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Ian Waller enjoys a true music icon showing that he can still hit the high notes at 81 years of age

Graham Nash might be knocking on a bit – 81 years old, so he tells is – but he looks good, plays well and still has a fantastic voice. The result is a wonderful evening of fabulous songs, great stories and precious nostalgia from one of the world’s most respected song writers.

Graham Nash was, of course, one third of 1960’s supergroup Crosby, Stills and Nash, as well as a founding member of The Hollies, songwriter, collaborator and friend to some of the biggest names of the time, including Neal Young and Joni Mitchell, political activist and photographer.

For this night at The Forum, it was a chance for Nash to run through some of the best known songs of his 60+ years career, including some CSN and Hollies, material from his new album and a handful of well picked covers too.

Of course, it wasn’t that long ago that the thought of an 80 year old rocker might have been greeted with howls of derision and amusement. Surely it’s time that they knocked it on the head. The thing, with the likes of Nash, the Rolling Stones, Paul McCartney and a good few others challenging this perceived wisdom, it looks like we might have the chance for a few more farewell tours part 2 yet.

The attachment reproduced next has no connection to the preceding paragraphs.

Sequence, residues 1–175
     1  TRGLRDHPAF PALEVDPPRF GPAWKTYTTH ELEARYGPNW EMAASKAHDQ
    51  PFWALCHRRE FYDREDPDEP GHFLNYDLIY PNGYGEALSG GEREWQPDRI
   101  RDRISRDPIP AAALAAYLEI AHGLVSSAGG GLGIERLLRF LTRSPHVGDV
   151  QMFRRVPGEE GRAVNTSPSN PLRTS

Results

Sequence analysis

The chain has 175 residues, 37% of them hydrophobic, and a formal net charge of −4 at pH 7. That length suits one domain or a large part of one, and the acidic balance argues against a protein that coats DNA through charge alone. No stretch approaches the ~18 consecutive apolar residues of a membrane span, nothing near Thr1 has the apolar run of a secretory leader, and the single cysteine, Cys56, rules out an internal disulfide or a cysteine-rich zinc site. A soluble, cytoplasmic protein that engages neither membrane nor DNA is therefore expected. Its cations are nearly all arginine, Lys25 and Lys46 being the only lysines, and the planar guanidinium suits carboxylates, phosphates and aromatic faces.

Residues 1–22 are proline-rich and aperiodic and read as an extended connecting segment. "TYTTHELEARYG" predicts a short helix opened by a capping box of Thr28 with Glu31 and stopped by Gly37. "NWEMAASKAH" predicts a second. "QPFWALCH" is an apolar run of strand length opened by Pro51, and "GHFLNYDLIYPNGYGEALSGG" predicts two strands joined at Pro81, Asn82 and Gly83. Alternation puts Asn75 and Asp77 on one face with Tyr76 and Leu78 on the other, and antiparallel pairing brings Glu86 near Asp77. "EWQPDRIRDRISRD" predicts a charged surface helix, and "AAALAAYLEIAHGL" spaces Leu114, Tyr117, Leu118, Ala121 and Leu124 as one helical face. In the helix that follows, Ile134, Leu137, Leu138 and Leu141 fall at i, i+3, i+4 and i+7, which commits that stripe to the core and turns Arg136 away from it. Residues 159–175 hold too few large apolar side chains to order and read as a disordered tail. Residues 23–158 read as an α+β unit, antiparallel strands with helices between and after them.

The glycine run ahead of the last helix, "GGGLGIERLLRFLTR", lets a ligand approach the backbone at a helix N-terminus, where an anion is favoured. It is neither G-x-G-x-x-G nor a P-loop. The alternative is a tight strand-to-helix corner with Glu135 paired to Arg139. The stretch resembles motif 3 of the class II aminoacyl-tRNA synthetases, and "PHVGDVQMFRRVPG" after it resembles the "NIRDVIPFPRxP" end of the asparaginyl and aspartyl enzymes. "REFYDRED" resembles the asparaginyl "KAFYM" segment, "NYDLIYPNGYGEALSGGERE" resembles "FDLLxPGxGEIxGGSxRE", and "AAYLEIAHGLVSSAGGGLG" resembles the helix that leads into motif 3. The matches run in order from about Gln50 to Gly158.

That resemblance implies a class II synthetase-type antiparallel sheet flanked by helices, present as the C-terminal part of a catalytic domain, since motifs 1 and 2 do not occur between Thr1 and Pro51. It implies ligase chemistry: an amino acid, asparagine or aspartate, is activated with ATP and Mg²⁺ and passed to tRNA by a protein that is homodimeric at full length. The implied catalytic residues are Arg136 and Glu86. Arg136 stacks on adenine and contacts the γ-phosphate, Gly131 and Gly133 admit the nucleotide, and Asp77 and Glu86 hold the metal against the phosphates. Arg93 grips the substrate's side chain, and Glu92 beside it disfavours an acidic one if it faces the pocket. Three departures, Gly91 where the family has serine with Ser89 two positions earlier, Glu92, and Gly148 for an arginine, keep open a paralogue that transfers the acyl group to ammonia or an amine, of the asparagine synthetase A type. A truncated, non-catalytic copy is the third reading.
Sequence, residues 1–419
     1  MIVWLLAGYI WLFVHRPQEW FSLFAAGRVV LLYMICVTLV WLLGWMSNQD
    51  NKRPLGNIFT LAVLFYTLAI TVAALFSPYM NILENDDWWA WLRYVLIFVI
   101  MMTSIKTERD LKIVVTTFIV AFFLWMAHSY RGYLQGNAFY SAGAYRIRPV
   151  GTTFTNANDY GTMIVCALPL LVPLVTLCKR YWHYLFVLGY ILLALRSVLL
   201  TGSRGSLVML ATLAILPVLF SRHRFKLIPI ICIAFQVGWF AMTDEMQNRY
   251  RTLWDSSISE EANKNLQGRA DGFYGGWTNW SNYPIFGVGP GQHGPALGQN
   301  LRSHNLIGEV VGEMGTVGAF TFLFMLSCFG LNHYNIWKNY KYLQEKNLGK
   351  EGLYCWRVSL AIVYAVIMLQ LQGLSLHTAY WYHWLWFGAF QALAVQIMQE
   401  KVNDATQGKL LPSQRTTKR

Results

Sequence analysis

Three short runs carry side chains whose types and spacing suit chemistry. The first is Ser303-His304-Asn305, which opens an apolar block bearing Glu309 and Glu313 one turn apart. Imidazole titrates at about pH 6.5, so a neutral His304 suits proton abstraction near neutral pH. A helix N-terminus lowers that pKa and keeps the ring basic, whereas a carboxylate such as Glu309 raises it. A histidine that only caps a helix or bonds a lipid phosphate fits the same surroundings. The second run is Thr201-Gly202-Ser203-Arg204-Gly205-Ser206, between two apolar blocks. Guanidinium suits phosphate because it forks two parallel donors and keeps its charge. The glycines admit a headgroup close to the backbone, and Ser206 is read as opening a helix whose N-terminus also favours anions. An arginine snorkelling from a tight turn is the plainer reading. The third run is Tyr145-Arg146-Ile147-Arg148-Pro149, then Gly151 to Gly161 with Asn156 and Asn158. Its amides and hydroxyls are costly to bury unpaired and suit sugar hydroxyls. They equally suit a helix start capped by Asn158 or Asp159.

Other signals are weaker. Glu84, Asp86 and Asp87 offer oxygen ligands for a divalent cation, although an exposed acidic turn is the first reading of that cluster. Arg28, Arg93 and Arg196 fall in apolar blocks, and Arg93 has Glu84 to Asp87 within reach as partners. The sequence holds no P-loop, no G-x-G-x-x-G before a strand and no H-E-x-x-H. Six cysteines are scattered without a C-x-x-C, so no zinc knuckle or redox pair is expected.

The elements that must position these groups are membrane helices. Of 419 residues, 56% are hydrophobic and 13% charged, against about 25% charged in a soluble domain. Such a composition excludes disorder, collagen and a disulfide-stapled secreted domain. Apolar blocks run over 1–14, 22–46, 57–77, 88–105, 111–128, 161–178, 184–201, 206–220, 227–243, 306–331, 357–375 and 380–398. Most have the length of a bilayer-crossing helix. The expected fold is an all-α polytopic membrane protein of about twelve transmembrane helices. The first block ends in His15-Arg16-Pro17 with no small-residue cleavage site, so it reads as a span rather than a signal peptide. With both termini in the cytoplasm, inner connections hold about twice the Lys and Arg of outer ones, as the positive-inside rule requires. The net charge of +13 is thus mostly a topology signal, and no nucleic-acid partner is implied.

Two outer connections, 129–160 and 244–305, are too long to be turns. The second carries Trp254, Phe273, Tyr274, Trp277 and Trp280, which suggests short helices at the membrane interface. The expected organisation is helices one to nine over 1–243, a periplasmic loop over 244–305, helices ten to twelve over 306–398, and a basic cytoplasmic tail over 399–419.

And if the rest of them are anything like as good as Nash, bring them on. With a backing band of James Raymond (keyboards) and Shane Fontayne (guitar) – both wonderful musicians adding the essential vocal harmonies that underpins so many or Nash’s best knows songs – Nash is in great voice and form. Right from the start we’re back to the time of The Hollies with their 1966 hit Bus Stop and a shout out to Hollies’ singer Allan Clark, who, we are told, has recently re-found his voice and has a new album coming out.

From here it’s a hugely enjoyable stroll through a back catologue combined with songs from Nash’s new album Now. So yes, there’s plenty of CSN including Marrakest Express, which dedicates to the people of Morocco, as well as Cathedral, Our House and, of course, Teach Your Children.

There’s also a great cover of one of The Beatles best with A Day In The Life, a nod to Neal Young with Long May You Run and even a smattering of Buddy Holly.

Throughout the performances are strong, both instrumentally and vocally, backed up with storytelling and anecdotes from a lengthy career, including tribute to Crosby, Stills and Young, and former lover Ms Mitchell. Plus – and you don’t always get to say this with older performers – the new stuff was pretty decent too, with A Better Life pleading for us all to do our bit to leave a better planet for our kids.

Total credit to the team at The Forum for securing this sold-out booking – it was a great night with several standing ovations thoroughly deserved for the band. To see which gigs are coming up next, go to